Odessa, Ukraine: The Complete Guide

Ever since Crimea became under Russian control in 2014, Odessa became Ukraine's premier—and pretty much only—beach destination. It's where everyone tries to go at least once during the scorching summer in order to escape the unbearable heat.

Is it a city you should also put on your radar? In this article, we'll discuss all of this and more.

Orientation

First of all, there are two parts to Odessa, at least which are of importance to visitors. There's the scenic downtown, arguably one of the most beautiful in Eastern Europe, and the beach area along with its beach bars, nightclubs, etc.

The downtown

The downtown area is worth a visit all in itself. It's simply gorgeous and definitely gives other cities a run for its money—not only in Eastern Europe but in the richer Western Europe as well.

There are tons of

In terms of the beach area, opinions differ, but words such as “glamorous” or “scenic” don't really come to mind.

The beach

Odessa has a relatively large coastline, containing tons of different beaches which are frequent by different people. The closest beach from the city itself is called Lanjeron; to reach it simply walk eastward from the center, and sooner or later, you'll get there.

As you head south along the coastline, you'll get to such beaches such as Otrada, Arkadia (see below), and a bunch of other beaches

Beach bars

There are a couple of very popular nightclubs that every local knows about: Ibiza and Ithaca. During the day, there's a pool area and a beach area. So, you can rent a beach chair or an entire tent either near the pool or closer to the water.

Since the water isn't always very clear and the sand isn't exactly powdery white (we will get into that later), it's probably better to do so near the pool.

Of course, these are premium areas, so not only do you have to pay for the chairs, but there's also a fee for entering the place itself.

Once you're on the property, you can order drinks and food, and whatever else your heart desires.

The prices are rather steep. I don't remember the exact numbers, but they were also higher than elsewhere.

There are other beach bars, all catering to a different demographic with different services and prices. The last time I visited Odessa, I actually stayed in a quaint beach bar near the southern part of the city. It was much chiller and calmer than the other party beach bars and matched what I was looking for perfectly.

The women

Alright, so I won't keep beating around the bush. Most of you are probably came on this page expecting me to talk about women.

Apart from what has already been covered here, Odessa's women are some of the most beautiful and sexiest in the entire country. I suppose they have the sun to thank for that.

They're tanned, have great bodies and are always wearing the latest threads. I've even heard that fashion starts in Odessa and is later adopted by the rest of Ukraine.

But, easy they're not.

It's not possible to arrive in Odessa for a weekend (or even a week), meet a bunch of women and have sex with them quickly.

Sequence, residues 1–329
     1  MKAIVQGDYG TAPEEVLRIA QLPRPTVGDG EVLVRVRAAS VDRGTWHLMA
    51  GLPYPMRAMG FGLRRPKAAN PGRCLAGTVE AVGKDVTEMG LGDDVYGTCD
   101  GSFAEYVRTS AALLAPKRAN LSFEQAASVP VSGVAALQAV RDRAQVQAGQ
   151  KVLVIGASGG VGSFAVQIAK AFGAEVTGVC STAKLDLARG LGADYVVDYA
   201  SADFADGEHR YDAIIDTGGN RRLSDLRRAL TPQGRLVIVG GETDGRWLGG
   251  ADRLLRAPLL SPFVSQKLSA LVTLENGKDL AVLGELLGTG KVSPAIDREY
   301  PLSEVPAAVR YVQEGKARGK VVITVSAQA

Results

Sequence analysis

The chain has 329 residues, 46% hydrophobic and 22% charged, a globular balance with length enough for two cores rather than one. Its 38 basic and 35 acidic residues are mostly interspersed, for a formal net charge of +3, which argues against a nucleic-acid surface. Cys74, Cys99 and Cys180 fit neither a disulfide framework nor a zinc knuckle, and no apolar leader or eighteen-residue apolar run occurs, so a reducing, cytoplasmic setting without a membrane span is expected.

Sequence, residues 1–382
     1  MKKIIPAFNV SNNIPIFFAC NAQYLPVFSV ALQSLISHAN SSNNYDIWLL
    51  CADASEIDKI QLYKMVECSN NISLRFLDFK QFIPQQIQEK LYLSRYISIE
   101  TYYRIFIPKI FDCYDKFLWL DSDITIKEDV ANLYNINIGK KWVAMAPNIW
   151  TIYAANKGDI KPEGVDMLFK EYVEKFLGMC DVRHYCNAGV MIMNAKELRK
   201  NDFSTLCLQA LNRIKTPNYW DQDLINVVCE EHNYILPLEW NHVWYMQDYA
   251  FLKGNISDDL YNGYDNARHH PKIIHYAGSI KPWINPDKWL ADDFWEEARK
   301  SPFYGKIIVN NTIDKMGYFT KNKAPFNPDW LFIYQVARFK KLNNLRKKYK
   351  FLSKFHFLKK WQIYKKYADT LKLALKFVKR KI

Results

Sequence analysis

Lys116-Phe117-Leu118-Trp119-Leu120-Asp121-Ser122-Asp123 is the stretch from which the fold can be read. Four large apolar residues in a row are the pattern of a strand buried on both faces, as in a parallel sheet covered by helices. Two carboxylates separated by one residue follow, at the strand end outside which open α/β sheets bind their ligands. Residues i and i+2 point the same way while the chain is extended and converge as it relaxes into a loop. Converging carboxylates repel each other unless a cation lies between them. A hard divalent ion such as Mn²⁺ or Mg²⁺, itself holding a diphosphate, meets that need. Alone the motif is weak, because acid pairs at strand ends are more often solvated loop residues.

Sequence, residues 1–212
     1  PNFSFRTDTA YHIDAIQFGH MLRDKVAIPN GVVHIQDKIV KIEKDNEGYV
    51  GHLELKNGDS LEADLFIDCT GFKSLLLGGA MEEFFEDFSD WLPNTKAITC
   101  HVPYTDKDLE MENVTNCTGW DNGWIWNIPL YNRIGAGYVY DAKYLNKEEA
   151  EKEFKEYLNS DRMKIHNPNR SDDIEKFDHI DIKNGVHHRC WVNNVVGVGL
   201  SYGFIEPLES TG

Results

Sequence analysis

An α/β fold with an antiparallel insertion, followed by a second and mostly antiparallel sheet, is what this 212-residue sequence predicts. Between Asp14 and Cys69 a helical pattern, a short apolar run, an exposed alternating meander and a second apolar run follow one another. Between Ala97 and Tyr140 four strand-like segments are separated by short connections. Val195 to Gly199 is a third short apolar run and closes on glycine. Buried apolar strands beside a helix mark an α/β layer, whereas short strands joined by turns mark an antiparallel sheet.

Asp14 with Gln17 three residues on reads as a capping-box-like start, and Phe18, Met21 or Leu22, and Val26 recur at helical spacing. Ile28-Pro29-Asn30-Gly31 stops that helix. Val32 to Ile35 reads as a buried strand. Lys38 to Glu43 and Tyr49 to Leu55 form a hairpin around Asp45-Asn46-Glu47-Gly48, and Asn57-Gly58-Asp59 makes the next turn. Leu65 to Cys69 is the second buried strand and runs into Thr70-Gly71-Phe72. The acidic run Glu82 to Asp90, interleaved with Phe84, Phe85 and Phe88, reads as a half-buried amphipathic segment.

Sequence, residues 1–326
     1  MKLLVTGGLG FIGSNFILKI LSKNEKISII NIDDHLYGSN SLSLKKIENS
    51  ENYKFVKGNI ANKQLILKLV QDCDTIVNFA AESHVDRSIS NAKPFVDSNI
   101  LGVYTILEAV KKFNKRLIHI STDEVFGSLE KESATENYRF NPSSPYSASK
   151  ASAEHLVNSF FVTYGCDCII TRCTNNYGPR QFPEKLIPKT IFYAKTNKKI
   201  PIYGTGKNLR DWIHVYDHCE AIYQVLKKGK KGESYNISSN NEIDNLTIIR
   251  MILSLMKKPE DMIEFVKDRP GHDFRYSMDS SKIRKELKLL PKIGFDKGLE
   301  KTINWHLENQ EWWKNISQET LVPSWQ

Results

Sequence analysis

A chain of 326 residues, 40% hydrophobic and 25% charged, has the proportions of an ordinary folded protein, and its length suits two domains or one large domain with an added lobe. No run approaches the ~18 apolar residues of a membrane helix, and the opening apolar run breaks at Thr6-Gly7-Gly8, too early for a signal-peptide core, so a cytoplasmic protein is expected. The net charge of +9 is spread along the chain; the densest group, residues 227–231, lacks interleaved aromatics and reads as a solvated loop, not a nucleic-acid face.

If you want something to happen with women, you would need to factor in at least a couple of weeks (a month is even better).

Plus, the city is overrun with Turkish men, so the local women definitely know why male tourists come to the city. (And it's not to look at the fine architecture).

That means you really need to know what you're doing or at least be living in the city for a while.

Odessa – livable city?

I guess the jury is still out on this one. Is Odessa a livable city is a question that I've been asking myself for as long as I've been in Ukraine.

I suppose the biggest downside of the city is that beyond the scenic downtown (which really isn't that big) and the beaches there really isn't much to do.

The locals don't speak much English. They're also not very friendly, or at least as friendly as in other parts of the country.

The beaches aren't anything to write home about. The sand (or rocks) can get very coarse in some places and you have to get pretty lucky to see clear water. (When I spent a week there, most of the time the water was green due to other water debris).

Then, when you happen to venture outside the main center, you'll quickly realize that Odessa is very poor. There are neighborhoods with broken down homes, entire blocks without street lights.

Essentially, once you live downtown, you immediately get a feeling that you're truly in a third world country.

Then, outside the summer season, the city turns grey and it rains a lot. While it doesn't get as cold as in the capital, it's still not the same city as it was during the summer.

While I can see myself spending a month or two in the summer, I could never live there in the winter.

All of this gives Odessa a decidedly provincial city feel.

When you're in Kiev, you actually feel that you're in the capital, but when you're in Odessa, you really feel that you're in some city on the edge of the country.

Final thoughts

For the reasons above, I really can't recommend the city as a base outside the summer months. It's just too small and provincial to give you a decent quality of life that you would have if you lived in a bigger city like Kiev.

However, what do I know? Maybe you'll visit and immediately fall in love with the city and view every con listed in this article as a pro.

Is Odessa worth it? There's really only one way to find out.

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